What Is BI?
Business Intelligence (BI) is a response to the quandary many organizations find themselves in today: mountains of data but no good way to turn the data into actionable information. Reporting “bolt-ons” to existing ERP (Enterprise Resource Planning) applications or a confusing web of spreadsheets (“Excel Hell”) are inadequate to meet the needs of a growing business. Even when “power users” are active in an organization, they are limited in their capacity and capability by the very technology they have mastered. As a final blow, more than one “version of the truth” frequently shows up in reports to management.
As defined by OnApproach, Business Intelligence is the set of technologies, processes, and practices used to collect, integrate, analyze, and present information with the aim of improving decision making.
The typical manner in which Business Intelligence is delivered is through a data warehouse or a data mart which is organized to enable flexible “slice and dice” analysis. The possible subject matter areas of any given Business Intelligence system are limited only by what data the organization collects, stores, or otherwise has access.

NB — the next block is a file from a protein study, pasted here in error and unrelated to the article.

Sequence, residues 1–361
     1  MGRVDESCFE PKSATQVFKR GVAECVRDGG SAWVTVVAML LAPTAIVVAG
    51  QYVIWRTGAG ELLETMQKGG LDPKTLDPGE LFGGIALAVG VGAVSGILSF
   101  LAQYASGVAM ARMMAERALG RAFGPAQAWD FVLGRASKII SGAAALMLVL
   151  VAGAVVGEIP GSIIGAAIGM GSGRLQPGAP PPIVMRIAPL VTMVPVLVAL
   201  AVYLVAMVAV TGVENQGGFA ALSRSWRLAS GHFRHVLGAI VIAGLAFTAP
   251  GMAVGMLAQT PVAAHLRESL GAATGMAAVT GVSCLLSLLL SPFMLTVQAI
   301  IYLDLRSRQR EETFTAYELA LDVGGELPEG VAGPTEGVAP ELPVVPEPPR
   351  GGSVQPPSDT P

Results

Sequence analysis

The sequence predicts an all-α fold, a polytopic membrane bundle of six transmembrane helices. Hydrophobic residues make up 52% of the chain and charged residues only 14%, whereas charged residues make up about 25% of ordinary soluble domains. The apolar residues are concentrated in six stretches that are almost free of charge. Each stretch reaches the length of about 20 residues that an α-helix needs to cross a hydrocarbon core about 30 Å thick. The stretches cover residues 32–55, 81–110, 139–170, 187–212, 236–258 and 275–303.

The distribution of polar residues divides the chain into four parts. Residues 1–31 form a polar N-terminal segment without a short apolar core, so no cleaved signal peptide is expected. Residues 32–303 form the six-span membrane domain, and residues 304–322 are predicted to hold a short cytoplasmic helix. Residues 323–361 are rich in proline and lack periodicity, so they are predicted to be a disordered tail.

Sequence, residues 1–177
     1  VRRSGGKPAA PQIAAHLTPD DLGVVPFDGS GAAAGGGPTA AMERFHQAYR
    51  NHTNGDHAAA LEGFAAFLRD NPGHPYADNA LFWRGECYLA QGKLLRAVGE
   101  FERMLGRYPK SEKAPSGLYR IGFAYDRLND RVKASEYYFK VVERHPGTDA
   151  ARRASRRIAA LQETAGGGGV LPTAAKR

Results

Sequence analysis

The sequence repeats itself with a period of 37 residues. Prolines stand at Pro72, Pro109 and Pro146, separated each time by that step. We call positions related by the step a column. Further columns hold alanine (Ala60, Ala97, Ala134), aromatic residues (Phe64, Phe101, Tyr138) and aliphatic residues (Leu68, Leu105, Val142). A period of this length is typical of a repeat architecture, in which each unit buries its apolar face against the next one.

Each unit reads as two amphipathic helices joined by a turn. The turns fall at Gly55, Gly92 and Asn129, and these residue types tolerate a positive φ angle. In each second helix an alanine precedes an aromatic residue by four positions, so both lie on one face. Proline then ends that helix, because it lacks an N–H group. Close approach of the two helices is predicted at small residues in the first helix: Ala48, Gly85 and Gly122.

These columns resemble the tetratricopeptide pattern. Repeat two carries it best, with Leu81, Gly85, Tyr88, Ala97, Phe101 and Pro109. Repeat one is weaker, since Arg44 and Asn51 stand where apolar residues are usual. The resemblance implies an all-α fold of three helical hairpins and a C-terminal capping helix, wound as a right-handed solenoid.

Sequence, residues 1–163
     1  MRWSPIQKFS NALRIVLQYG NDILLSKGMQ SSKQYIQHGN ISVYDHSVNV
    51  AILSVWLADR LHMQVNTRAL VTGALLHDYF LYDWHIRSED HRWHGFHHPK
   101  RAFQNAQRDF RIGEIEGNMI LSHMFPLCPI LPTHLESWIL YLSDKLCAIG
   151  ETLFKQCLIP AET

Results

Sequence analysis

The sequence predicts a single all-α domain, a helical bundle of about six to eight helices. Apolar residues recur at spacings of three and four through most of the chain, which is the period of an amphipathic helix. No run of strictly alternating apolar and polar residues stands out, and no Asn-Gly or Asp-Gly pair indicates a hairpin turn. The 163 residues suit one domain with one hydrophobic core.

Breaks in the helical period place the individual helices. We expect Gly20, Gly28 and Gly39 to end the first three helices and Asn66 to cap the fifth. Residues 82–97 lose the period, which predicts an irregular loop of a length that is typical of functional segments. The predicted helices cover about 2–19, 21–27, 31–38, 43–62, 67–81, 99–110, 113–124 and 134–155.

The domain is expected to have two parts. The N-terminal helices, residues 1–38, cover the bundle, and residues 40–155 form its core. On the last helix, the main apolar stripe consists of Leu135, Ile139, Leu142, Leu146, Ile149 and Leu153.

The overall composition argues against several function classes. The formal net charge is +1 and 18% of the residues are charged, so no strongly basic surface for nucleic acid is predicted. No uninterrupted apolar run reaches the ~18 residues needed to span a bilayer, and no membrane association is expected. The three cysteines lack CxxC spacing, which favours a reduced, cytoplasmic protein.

The key characteristic of an effective BI system is speedy access to and flexible analysis of data that otherwise would be difficult to use in the source system. A classic example is a accounting and finance module in an ERP system. As installed , the typical ERP installation comes with a canned reporting capability that will answer the most common questions. Organizations quickly outgrow these reports, especially when they need in-depth analysis to solve crucial problems or seek to develop innovative products or services.
As deployed via a data warehouse or a data mart, data is extracted from the source system (e.g. - the ERP accounting and finance module), transformed as necessary (calculations, etc.),and loaded into a “target” database table. The target tables are organized to allow analysis by various dimensions (e.g. – by date, by product, by customer) to allow the slice and dice capability.
Previously, Business Intelligence was only feasible for large organizations who could afford the required people, software, and hardware infrastructure . The technology has evolved so that small to medium –sized organizations can launch effective BI efforts for a much lower investment.
The ideal candidates for adopting a Business Intelligence capability are organizations that feel their current information reporting resources are inadequate due to incompatible legacy systems, reliance on “homemade” spreadsheet-based reporting, or planning and analysis needs that are not being met with existing resources.
A beneficial first step in sizing up your organization’s Business Intelligence needs would be to conduct a gap analysis between desired reporting and analysis capabilities and what current systems and processes are able to provide. This can be an internal analysis or OnApproach can perform a BI Readiness Assessment to help your organization understand the alternatives for providing better information for improved decision making.
Harnessing the Power of Data